Bill Lacy, the executive director of the Pritzker Prize, quoted from the jury citation which states, "His design objectives are guided not only toward the overall beauty and function of a project, but for the well-being of those people who will be the end-users. This social dimension to his work translates as making every effort to transform and improve the quality of life. In the early seventies, he pioneered the notion that the workplace could be a pleasant environment."

Lacy, who is an architect himself and president of the State University of New York at Purchase, added, "Sir Norman Foster's buildings set a standard for design excellence in the use of modern technology pushed to its artistic limits. His buildings represent the highest attainment of contemporary architecture in the twentieth century and will undoubtedly be the design standard for much of the architecture of the next century." 


Read Joseph Giovannini's Essay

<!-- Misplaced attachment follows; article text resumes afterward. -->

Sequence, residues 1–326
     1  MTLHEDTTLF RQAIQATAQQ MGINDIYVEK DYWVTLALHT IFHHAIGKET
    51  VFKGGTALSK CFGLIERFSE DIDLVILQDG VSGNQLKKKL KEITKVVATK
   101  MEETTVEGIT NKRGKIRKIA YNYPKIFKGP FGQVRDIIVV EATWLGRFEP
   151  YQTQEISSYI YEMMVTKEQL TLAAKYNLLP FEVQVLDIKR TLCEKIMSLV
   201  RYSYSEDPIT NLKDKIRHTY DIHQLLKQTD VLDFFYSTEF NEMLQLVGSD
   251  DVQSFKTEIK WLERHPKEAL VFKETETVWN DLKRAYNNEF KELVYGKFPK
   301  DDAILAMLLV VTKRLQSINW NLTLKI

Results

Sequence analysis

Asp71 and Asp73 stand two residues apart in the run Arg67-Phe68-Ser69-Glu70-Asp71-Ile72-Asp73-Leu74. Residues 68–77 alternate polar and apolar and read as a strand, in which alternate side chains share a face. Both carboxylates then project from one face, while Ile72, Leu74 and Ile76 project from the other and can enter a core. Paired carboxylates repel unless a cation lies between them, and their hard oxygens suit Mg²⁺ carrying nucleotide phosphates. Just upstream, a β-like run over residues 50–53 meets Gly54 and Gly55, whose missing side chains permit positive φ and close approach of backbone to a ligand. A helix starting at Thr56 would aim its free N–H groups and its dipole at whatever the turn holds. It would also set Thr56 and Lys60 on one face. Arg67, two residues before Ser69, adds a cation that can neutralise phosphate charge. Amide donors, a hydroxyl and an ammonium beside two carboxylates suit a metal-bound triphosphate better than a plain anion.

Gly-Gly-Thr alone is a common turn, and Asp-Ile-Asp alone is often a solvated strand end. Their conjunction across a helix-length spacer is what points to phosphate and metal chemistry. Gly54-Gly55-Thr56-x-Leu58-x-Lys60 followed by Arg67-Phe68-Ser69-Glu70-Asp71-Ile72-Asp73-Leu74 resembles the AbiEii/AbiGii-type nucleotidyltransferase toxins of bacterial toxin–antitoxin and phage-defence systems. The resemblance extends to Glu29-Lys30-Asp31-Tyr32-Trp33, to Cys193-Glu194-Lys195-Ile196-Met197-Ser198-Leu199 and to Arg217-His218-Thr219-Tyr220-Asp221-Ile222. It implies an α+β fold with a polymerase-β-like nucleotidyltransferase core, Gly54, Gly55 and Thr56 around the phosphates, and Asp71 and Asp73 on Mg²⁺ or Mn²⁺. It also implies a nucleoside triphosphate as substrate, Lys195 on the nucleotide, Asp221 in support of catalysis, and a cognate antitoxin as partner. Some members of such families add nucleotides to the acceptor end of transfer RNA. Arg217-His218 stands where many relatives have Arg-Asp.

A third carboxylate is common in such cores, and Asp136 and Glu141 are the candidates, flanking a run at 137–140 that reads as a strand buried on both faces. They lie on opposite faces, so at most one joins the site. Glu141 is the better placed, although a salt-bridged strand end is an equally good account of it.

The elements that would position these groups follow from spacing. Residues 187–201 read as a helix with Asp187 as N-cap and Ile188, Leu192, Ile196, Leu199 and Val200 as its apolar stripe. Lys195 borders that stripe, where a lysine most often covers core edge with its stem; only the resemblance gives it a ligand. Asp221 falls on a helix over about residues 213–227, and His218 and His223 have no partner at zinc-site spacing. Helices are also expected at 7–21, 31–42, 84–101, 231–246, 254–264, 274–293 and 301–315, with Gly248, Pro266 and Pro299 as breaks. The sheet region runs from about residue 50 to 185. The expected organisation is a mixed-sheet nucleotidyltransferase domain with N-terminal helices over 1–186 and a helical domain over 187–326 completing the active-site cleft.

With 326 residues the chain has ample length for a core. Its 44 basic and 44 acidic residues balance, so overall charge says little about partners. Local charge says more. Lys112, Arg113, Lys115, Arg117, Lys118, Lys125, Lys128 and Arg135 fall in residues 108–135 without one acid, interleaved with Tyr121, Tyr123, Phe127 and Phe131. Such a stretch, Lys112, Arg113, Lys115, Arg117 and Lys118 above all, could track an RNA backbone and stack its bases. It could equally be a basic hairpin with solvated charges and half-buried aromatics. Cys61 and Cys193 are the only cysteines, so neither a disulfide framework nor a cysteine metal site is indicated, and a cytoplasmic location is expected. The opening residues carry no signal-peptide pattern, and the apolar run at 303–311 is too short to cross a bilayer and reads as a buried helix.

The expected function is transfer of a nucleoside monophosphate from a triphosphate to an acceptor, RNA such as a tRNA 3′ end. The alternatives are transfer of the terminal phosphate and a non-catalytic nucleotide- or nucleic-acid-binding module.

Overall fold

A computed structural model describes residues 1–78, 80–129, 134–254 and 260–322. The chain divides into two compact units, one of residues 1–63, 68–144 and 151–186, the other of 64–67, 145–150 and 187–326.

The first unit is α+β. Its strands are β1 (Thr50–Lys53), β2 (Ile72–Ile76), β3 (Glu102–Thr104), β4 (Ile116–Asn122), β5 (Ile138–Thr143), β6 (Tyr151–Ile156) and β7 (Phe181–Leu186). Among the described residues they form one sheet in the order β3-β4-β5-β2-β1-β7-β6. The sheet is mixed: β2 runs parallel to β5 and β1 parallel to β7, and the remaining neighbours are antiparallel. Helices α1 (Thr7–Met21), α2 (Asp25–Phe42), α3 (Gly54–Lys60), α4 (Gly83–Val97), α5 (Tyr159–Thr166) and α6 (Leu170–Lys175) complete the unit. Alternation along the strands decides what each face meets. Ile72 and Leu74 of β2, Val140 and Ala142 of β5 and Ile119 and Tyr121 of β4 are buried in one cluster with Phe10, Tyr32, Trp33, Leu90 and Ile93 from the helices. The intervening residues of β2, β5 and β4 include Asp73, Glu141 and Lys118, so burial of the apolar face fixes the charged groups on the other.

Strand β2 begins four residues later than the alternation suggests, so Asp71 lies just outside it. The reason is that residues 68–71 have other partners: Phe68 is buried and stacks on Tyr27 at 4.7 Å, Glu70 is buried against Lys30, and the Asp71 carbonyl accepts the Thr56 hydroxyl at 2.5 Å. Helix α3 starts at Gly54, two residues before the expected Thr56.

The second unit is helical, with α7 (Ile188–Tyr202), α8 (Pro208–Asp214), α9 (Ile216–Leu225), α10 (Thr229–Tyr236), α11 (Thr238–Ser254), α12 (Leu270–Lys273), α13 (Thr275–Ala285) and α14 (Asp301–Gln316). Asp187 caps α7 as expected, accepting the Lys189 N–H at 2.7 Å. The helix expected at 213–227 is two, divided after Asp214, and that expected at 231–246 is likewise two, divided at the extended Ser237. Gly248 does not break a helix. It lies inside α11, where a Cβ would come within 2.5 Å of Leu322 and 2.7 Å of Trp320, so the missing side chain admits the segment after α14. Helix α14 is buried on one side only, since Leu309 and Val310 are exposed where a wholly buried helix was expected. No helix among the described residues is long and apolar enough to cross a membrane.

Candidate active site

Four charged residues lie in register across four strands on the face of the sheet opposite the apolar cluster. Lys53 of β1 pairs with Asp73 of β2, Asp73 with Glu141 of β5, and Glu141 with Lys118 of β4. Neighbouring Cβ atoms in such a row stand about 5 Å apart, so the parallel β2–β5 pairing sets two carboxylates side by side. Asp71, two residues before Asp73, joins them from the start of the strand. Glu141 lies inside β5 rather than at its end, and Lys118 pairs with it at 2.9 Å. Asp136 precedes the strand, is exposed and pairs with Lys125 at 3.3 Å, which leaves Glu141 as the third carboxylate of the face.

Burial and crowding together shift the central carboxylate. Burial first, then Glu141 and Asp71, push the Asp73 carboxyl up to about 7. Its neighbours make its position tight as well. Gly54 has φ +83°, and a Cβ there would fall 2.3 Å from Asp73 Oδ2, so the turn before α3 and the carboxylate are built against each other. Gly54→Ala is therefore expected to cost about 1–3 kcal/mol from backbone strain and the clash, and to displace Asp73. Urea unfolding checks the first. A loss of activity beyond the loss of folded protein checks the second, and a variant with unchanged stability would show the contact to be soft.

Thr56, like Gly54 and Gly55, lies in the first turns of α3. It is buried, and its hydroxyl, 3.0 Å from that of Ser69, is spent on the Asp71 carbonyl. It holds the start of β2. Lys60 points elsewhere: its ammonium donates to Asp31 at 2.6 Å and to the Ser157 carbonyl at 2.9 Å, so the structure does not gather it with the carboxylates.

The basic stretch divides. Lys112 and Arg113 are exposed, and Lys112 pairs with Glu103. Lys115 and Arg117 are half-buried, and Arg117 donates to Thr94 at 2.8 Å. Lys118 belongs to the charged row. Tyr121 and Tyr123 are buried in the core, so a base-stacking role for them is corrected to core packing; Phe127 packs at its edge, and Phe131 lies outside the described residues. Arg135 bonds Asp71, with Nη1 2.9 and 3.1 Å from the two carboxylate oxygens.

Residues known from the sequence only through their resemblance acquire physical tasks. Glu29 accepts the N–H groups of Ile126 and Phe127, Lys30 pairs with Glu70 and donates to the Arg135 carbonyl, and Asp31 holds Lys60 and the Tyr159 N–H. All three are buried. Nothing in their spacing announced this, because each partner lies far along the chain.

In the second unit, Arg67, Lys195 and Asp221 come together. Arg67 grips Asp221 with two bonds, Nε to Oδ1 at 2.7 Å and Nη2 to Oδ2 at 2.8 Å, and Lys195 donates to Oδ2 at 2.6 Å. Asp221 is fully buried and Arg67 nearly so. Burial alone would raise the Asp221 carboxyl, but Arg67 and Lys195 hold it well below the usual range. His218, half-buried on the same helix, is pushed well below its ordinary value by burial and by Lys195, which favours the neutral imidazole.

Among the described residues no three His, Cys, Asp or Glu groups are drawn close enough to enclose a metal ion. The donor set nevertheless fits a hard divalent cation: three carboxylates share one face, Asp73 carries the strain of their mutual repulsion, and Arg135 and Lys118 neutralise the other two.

Sir Norman Foster's pursuit of the art and science of architecture has resulted in one building triumph after another, each one in its own way, unique. He has re-invented the tall building, producing Europe's tallest and arguably the first skyscraper with an ecological conscience, the Commerzbank in Frankfurt. He cares passionately for the environment, designing accordingly. From his very first projects, it was evident that he would embrace the most advanced technology appropriate to the task, producing results sensitive to their sites, always with imaginative solutions to design problems. His design objectives are guided not only toward the overall beauty and function of a project, but for the wellbeing of those people who will be the end-users. This social dimension to his work translates as making every effort to transform and improve the quality of life. In the early seventies, he pioneered the notion that the workplace could be a pleasant environment with one of his first notable projects, the Willis Faber and Dumas offices, that included a swimming pool and grassy rooftop park for employees.